- Approximately half of all discharges from mental health hospitals were female. In 2013/14, schizophrenia and conditions related to drug and alcohol misuse accounted for a higher proportion of hospital discharges for male patients compared with female patients, whilst females had higher proportions of hospital discharges for mood (affective) disorders and personality disorders compared to males. Dementia accounted for a similar percentage of diagnoses in each gender (around 11%).
- Over the last ten years, age-standardised incidence rates of cancer in Scotland have fallen by 4% in males but increased by 7% in females.
- For both males and females in Scotland combined, lung cancer is still the most common cancer overall, with 5,124 cases diagnosed in 2013 (17% of all cancers), compared to 4,697 cases (15%) of breast cancer and 3,812 cases of colorectal cancer (12%). The ranks of the three most common cancers are unchanged from 2012.
- Cancer incidence rates and trends in incidence rates show considerable variation between different types of cancer. For instance, the incidence rate of malignant melanoma of the skin for all people has increased by 30% over the last ten years. In contrast, the incidence rate of cancer of the oesophagus has decreased by 8% over the same period.
- Excluding non-melanoma skin cancer, the actual number of cancers diagnosed in Scotland has increased over the last 10 years from 27,095 cases in 2003 to 31,013 in 2013. This is likely to be largely due to an ageing population.
- It is estimated that two in five people in Scotland will be diagnosed with some form of cancer during their lifetime. This includes cancers that will have no detrimental impact on life expectancy, such as indolent prostate tumours.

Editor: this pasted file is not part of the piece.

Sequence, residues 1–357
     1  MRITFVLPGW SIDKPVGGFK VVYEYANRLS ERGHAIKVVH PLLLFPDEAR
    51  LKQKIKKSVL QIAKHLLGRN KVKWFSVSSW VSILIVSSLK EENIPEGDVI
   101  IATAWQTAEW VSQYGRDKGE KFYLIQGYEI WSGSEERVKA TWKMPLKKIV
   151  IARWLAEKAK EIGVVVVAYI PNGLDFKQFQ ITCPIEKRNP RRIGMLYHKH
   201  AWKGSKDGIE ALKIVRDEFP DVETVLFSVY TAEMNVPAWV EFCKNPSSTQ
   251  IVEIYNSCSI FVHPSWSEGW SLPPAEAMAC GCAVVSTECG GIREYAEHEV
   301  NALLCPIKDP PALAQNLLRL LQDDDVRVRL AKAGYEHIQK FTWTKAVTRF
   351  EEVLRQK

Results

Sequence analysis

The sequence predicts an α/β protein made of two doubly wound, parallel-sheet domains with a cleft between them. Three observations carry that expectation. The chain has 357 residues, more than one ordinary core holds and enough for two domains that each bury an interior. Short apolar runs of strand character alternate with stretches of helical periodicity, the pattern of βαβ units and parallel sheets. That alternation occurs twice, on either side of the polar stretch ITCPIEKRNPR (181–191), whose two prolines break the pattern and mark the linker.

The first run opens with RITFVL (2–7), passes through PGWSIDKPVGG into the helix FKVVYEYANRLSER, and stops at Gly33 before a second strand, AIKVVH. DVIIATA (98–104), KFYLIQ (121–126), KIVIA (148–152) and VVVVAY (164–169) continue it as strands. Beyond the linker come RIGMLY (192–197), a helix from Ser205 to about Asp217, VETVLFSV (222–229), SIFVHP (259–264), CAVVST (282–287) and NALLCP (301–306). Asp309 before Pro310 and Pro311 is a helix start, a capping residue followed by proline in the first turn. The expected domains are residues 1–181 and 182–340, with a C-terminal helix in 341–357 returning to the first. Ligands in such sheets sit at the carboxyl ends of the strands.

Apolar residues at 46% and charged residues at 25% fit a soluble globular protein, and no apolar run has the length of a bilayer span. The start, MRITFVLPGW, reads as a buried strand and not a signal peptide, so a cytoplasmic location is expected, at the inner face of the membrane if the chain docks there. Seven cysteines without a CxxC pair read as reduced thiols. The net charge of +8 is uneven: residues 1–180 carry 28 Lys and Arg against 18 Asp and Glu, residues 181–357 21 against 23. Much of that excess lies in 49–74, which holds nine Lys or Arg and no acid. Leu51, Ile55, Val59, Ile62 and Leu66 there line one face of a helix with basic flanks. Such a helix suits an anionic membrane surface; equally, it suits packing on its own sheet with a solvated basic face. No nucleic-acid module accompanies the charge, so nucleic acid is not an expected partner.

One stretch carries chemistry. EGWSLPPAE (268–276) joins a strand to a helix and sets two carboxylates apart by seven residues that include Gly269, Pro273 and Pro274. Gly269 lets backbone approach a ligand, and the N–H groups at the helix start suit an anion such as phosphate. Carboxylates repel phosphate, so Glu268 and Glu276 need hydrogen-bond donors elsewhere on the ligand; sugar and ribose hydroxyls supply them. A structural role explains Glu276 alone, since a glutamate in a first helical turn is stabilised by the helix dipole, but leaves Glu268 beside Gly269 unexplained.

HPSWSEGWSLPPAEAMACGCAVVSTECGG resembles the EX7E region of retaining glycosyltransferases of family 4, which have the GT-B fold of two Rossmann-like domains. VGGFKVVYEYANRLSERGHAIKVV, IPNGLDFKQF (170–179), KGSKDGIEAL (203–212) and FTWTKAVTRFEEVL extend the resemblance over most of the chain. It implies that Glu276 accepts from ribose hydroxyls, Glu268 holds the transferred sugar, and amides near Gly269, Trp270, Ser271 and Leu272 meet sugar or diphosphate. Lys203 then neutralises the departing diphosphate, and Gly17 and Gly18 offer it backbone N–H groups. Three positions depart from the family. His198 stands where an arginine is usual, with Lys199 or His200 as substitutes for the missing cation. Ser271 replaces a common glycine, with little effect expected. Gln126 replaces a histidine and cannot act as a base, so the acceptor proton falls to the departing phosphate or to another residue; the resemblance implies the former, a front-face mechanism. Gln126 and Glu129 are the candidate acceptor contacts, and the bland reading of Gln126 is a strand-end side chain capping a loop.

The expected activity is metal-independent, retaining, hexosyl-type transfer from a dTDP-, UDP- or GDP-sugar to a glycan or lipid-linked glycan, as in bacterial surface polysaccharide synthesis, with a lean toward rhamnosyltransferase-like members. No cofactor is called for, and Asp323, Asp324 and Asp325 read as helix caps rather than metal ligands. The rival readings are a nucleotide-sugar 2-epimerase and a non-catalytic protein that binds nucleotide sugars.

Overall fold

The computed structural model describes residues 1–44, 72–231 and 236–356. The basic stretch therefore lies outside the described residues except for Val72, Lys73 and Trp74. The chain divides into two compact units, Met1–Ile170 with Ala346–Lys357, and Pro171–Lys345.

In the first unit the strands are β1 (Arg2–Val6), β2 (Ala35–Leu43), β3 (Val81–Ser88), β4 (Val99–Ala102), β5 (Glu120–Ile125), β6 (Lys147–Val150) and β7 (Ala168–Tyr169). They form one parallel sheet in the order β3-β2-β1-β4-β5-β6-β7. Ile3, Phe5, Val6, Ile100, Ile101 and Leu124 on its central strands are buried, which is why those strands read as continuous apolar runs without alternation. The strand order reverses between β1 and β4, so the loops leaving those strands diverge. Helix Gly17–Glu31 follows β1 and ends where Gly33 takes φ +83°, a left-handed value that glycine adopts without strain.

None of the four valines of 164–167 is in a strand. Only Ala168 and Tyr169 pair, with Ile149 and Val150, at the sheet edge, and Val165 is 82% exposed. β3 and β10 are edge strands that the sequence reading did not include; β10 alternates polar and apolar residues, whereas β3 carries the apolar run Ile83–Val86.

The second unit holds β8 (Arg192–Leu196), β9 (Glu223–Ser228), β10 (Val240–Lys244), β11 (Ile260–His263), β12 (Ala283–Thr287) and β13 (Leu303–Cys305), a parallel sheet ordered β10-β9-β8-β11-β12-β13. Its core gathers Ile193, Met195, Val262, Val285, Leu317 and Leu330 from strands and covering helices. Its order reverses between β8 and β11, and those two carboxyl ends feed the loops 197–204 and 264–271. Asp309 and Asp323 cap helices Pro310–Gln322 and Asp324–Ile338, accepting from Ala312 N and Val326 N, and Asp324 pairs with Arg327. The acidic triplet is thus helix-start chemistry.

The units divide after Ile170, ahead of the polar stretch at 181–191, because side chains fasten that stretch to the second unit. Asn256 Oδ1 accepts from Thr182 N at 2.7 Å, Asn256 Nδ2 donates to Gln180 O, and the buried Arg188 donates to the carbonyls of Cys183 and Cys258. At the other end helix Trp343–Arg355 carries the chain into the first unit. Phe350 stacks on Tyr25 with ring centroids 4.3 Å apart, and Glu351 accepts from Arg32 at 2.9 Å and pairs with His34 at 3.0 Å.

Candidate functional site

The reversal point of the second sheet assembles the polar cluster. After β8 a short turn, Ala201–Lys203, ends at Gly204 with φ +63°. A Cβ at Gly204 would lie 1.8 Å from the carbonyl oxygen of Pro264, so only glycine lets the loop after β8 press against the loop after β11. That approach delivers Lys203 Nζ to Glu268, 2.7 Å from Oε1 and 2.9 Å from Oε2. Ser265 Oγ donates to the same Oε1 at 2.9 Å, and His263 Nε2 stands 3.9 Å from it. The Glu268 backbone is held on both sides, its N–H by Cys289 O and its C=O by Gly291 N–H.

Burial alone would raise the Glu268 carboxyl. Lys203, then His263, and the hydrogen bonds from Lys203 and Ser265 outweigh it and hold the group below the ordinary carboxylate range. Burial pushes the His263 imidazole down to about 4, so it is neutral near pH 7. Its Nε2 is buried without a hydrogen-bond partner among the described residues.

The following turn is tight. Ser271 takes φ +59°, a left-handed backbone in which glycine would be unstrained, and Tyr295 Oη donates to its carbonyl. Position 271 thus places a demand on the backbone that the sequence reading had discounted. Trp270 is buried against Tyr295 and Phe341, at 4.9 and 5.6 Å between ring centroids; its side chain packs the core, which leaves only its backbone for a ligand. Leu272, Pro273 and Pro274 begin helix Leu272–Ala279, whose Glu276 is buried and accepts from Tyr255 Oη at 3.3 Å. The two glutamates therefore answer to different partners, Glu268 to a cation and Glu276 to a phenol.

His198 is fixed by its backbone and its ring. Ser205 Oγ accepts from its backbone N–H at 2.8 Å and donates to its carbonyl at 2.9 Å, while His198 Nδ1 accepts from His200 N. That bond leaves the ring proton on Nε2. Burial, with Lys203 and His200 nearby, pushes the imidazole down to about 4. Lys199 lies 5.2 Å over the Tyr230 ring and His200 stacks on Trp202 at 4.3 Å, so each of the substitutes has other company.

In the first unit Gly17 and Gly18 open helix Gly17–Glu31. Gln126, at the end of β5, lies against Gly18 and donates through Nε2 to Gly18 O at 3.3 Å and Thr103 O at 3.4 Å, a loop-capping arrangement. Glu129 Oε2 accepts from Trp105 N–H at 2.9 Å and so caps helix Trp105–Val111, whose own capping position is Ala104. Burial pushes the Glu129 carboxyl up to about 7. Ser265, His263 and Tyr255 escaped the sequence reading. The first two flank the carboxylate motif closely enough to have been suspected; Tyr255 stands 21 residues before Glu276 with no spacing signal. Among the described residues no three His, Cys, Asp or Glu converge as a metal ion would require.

- It is estimated that there are 176,000 people in Scotland who have been diagnosed with cancer over the last 20 years and who are still alive. This is approximately 3% of the population of Scotland.
- The 448 cases analysed in this report are largely a subset of the 526 drug-related deaths already published by National Records Scotland (NRS) in August 2014.
- As in previous years, three quarters (76%) of those who died were male and half (50%) lived in the most deprived areas of Scotland. The percentage of deaths among individuals aged 35 and over has increased from half of deaths (50%) in 2009 to two-thirds (66%) of deaths in 2013.
- Over a third (36%) of those who died, were a parent or parental figure. 273 Children lost a parent or parental figure to a drug-related death in 2013.
- In the six months prior to death, almost three quarters, (72%) of the 2013 cohort had a medical condition recorded. Almost two thirds (63%) of the cohort had a psychiatric condition recorded (higher than in any previous cohort).